Sivut kuvina

This thtat must be, because the sense is gone,
Bnuad up by fleep; for by the fense alone,
Fjncy'd from real, true from false it known.
Brfides, the mem'ry fleep*, and rest does seize
That ruling pow'r, and charms it into ease;
It lies unactive, dull, nor can controul
The errors of the mind, nor tell the foul [lieve,
That they are dead, whom her vain thoughts be-
From cheating images to fee alive. [seem
Besides, oo wonder that these forms should
To move; as often as in vig'rous dream 771
They seem to dance; for when the first is gone,")
And straight another rises, straight comes on, I
The farmer's site seemi chang'd, 'tis quickly f
donr. J
So swift, so num'rous are the forms tha* rife,
So quickly come, so vast the new supplies '.
A thousand weighty queries mure remain, ")
Ten thousand more, all which we must explain, >
Tea thousand more, or else our search is vain, j
First, then: 'tis asle'd, why men with so much
ease, . 780

C11 think on any object what they please?
For what? Are still th' obedient forms at hand,
And wait on our imperious w ill's command i
Am) straight present whate'erthe will desires,
Whether 'tis heiv'n, or earth, or sea, or fires,
Wars, senates, battles, fights, of pomp, and state?
Does nature these, as she commands, create i
Since fix'd in one, one constant place, the mind
Can think on various things of diss'rent kind.

And why the images, with wanton pace, 790 Can seem to move and dance? Why's ev'ry grace And measure kept i Why do they clasp their arms, And toss their legs, and fliow a thousand charms i What, have these wantons skill, they thus delight To ihow their fairy tricks, and dance by night.'

The reason is, each part, each single now Of running time, as reason seems to show, H«num'rous parts; and so, in shortest space, Ten thousand forms may fly through ev'ry place, IWf'rint and various; here and there may rove, So num'rous are t,hey,and so swift they move.

But since these form* are subtle and lefiu'd, 803 They are too thin to be pereciv'd by mind; Unless (he set herself to think and pry. Contracting dole, her intellectual tye. But this not done, the fleeting image«, I'ufcen, unthought on, and unheeded, cease: And when she seeks to know, contracted close, She pries upon the thing, and therefore knows. Thus when the curious eye designs to view 810 An object subtle, and refin'd, and new, Unless contracted close (be strictly pries; In vain she strives, the object 'scapes the eyes. Niy, cv'n in plainest things, unless the mind Takes heed, unless (he sets herself to find; T he thing no more is seen, no more belov'd, Than if the most obscure and far remov'd. What wonder, then, if-mind the rest should lose, And only what she strives to know she knows?

(Besides, the mind oft thinks small objects great, Acid thus she leads herself into a cheat). 8 21

And often too, a form of diss'rent kind from what it seem'd before, affects the mind,

And strikes the fancy. Thus the form that came
A man before, is chang'd; in dilf'rent frame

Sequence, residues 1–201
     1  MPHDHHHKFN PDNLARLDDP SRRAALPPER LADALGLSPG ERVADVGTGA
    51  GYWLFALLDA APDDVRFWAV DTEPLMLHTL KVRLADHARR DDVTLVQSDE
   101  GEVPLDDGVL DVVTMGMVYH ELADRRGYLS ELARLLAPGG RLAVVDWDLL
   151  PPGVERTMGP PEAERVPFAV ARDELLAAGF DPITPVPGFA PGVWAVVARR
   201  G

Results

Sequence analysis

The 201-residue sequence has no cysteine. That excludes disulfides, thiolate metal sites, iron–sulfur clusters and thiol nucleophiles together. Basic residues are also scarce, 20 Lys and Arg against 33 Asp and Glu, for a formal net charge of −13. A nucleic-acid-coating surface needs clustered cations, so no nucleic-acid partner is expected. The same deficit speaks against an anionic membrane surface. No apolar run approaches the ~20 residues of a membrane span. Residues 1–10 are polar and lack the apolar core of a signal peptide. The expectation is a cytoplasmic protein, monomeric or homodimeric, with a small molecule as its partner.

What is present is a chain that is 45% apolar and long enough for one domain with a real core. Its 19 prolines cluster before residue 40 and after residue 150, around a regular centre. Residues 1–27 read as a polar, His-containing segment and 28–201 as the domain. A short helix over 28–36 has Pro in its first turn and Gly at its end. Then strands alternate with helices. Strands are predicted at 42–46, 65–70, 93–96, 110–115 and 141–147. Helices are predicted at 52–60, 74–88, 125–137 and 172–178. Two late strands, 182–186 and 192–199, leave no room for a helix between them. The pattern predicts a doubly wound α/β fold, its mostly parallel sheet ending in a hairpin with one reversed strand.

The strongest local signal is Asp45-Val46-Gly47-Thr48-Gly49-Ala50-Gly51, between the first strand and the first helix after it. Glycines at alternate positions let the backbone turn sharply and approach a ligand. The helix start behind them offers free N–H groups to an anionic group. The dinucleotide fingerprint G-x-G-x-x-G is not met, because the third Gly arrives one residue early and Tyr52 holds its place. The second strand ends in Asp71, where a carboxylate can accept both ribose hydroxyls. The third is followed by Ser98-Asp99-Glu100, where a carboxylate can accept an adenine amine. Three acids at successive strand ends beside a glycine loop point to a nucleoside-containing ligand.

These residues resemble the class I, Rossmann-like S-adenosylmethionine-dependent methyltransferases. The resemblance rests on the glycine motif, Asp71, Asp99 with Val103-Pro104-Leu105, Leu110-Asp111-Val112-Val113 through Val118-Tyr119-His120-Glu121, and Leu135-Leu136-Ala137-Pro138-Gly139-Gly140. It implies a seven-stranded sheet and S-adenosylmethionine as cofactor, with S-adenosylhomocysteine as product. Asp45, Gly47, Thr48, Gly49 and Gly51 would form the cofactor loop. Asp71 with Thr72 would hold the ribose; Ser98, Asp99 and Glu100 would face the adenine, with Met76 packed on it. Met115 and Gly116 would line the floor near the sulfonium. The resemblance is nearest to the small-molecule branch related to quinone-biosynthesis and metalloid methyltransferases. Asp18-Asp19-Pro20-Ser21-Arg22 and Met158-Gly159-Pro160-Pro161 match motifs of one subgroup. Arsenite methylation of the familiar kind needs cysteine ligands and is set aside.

Presents a woman now to our embrace; ,
Or shows some other change in age or face.
Yet 'til not strange, that monstrous forms com-

In fancy, when soft fleep has lull'd the fense
AnJ mem'ry, so that neither can controul 830
The erring thoughts; neither direct the foul.

But now avoid their gross mistake, who teach
The limbs were made for work; a use for each.
The eyes design'd to fee, the tongue to talk,
The legs made strong, and knit to feet to walk;
The arms fram'd long and firm, the servile hands
To work, as health require', or life emmands;
And so of all the rest, whate'tr they feign,
Whate'er they teach is nonsense all, and vain.
For proper uses were design'd for none; 84O
But all the members fram'd, each made his ow n.
No light before the eye, no speech was found
Before the tongue, before the ears no found;
In short, the working seeds each limb create
Before its use, so 'tis not fram'd for that.
We knew to sight before the help cf art,
To bruise and wound before we fram'd a dart;
And nature taught us to avoid a wound.
Before the use of arms .and shields was found.
Before beds were, ev'n nature threw us down 850
To rest: we drar.k before a cup was known.
These various things convenience did produce.
We thought them sit, and made them for our use.
Thus these, and thus our limbs, and fenses too,
Were form'd before that any mind did know
What office 'twas that they were fit to do.
Therefore, 'tis fond to think that thes; began,
For proper usis made, bestow'd on man.

What wonder is't that bodies ask for meat.' That nature prompts an animal to eat? 863 For I have taught before, how thousand ways Small parts fly off. and ev'ry thing decays: But more sn.m lab'ring animals retreat, More inward parts fly 1 fs in breath and sweat; And so the body wastes, and nature fails, The strength decay, and grief and pain prevails* And therefore, meat's requir'd, a new supply, To fill the places of the parts that die, Recruit the strength, allay the furious pain, And stop each gaping nerve, each hungry vein. The cooling drink to ev'ry part retreats, 871 That wants the moisture, and the num'rous heats That burn and fire the stomach, fly before The coming cold, and we are fcorch'd no more. Thus drinks descend, and thus they wash away Fierce thirst. Thus meats do hunger's force allay..